After discovering the Higgs boson, an elementary particle that the so-called Standard Model of physics postulates is fundamental to giving objects mass, the LHC underwent a two-year retrofit. CERN upgraded the electro-magnets that allow the collider to accelerate particles to velocities approaching the speed of light, as well as the cryogenic refrigerators that keeps those magnets cooled. The new machine, which has been running since April 2015, operates at energy levels about 75 percent greater than the LHC did when it found the Higgs in 2012 and it produces almost triple the number of collisions per second. Many hoped the upgrade would allow the LHC to move beyond the visible universe and find evidence of dark matter and exotic new particles that are not accounted for by the Standard Model. But so far, Gianotti said, the LHC has not found any conclusive evidence.
“The Higgs boson behaves very much like the Standard Model predicts,” she said, while cautioning that the experimental precision of the LHC is not yet high enough to exclude that Higgs is part of a broader theory beyond the Standard Model.
The LHC is due to undergo another major upgrade starting in 2024. This turbo-boosted collider is known as the High Luminosity LHC.
“At the moment, large uncertainties still exist,” Gianotti said referring to the precision of the LHC results. “We hope that with more data and the advantage of the luminosity upgrade of the LHC, which will extend the full program of the Large Hadron Collider to 2035, by that time we will reduce the uncertainty on several measurements by some large factor.” Processing all the information the High Luminosity LHC produces will pose a monumental challenge of its own. CERN scientists this week released a paper in which they forecast that by 2026 the computing capacity required for experiments run on the collider will be 50 to 100 times greater than today, with data storage needs running into many exabytes. (By way of comparison, all the words ever spoken by humans are estimated to be about 5 exabytes, according to a 2003 report from the University of California at Berkeley’s School of Information Management and Systems.)
The CERN scientist think improvements in computing technology will be able to meet only 10 to 20 percent of these needs without additional cost. So the physics agency is calling for a major research and development effort to solve the bottleneck with more efficient software coding, changes in data center infrastructure and more use of advance machine learning techniques. CERN works with partners such as Intel Corp., Oracle Corp., Huawei Technologies Co. Ltd., and Siemens AG, on many of these efforts. CERN, which has a budget of about 1 billion Swiss francs ($1.04 billion) per year, is funding this upgrade to the LHC out of its existing finances, Gianotti said. “For a researcher like me, perhaps the best reward is a surprise,” she said. “Nature is always more clever, and perhaps also more simple and more elegant, than the human brain. So it may be the all the models that mankind have developed, these are not what Nature has finally chosen.” CERN has collaboration with U.S. physicists, with American researchers running experiments at CERN's LHC and CERN scientists working on neutrino and dark matter research at the Stanford Underground Research Facility in South Dakota. Some are concerned this research could be jeopardized by an almost 20 percent funding cut for high energy physics research and nuclear research proposed by President Trump in his 2018 budget.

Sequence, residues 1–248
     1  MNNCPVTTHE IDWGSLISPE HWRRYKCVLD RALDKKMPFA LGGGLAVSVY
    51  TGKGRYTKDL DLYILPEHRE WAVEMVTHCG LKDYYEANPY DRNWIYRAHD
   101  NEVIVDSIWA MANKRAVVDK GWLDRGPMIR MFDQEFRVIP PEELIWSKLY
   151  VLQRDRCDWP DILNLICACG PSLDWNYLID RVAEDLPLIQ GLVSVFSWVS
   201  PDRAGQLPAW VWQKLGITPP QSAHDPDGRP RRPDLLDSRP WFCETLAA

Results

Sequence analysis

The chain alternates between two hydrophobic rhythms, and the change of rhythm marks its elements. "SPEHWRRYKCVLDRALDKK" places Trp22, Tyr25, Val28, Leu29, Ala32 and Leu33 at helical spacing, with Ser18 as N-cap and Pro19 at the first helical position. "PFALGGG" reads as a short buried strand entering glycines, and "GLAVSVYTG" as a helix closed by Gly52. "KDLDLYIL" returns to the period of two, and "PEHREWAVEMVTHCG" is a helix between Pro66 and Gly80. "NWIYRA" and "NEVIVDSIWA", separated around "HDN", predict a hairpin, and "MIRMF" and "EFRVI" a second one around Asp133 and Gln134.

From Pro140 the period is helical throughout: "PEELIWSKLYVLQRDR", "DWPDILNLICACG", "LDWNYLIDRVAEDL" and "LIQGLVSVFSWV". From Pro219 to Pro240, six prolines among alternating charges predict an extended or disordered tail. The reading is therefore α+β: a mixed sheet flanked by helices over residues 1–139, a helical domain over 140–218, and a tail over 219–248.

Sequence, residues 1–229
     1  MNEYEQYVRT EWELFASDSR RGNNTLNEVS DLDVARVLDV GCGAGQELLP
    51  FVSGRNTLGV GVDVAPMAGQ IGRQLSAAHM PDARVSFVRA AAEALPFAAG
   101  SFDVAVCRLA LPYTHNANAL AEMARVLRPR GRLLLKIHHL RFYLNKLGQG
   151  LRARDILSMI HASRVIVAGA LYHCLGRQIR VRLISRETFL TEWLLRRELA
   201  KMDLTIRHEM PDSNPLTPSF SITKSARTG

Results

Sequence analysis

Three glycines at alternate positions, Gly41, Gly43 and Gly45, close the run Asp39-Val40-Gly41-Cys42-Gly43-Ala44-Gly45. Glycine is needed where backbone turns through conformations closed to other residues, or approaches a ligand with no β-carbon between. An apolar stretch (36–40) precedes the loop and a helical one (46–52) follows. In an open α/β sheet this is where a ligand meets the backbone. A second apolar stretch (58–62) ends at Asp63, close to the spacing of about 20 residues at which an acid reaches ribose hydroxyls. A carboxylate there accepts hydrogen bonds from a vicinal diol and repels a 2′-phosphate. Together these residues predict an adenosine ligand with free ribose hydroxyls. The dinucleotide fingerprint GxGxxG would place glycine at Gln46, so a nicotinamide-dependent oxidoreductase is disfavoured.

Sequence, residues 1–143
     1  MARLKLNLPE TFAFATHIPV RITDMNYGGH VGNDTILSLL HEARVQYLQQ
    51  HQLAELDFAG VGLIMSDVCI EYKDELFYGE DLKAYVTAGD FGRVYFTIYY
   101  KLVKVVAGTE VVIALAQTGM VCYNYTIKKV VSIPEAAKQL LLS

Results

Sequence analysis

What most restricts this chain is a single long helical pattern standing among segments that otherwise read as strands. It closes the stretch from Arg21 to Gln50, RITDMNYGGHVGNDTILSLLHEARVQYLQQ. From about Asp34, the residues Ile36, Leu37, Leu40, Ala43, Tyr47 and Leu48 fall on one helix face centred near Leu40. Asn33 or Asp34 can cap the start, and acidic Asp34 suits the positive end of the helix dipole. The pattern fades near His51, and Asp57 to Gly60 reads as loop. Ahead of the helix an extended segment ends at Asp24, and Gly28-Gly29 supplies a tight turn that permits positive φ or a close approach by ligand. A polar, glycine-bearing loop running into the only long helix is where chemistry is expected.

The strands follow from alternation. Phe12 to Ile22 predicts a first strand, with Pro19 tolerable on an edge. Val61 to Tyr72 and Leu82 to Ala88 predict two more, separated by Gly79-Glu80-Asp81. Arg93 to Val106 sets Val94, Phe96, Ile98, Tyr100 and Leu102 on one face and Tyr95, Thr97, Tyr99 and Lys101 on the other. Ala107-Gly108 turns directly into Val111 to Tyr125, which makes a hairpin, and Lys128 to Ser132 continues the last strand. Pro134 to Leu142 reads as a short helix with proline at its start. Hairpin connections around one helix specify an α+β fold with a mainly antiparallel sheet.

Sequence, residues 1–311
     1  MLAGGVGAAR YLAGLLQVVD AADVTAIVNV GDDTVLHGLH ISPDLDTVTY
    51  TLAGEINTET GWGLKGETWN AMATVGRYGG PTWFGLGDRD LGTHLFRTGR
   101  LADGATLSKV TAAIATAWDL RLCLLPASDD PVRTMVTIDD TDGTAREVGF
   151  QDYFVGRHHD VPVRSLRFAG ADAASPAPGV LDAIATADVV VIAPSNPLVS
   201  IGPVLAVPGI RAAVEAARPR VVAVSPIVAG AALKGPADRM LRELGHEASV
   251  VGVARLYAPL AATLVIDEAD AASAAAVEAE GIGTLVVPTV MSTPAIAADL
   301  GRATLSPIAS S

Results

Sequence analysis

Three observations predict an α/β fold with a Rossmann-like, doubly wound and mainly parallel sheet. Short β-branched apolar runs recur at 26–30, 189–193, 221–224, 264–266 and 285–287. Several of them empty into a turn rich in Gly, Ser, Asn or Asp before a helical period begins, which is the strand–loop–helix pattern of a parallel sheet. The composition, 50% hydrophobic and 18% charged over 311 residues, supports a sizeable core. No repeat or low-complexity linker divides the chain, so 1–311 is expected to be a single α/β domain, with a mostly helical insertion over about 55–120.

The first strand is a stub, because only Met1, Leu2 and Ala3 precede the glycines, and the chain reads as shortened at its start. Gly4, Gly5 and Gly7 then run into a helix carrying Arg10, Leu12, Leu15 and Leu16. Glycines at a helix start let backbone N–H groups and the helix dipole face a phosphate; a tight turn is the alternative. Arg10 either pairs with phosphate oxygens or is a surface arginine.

Gianotti said she was optimistic that this funding would be restored by the U.S. Congress before it passes a final spending bill. “I remain pretty positive things will be okay,” she said.
--With assistance from Andy Hoffman and Dylan Griffiths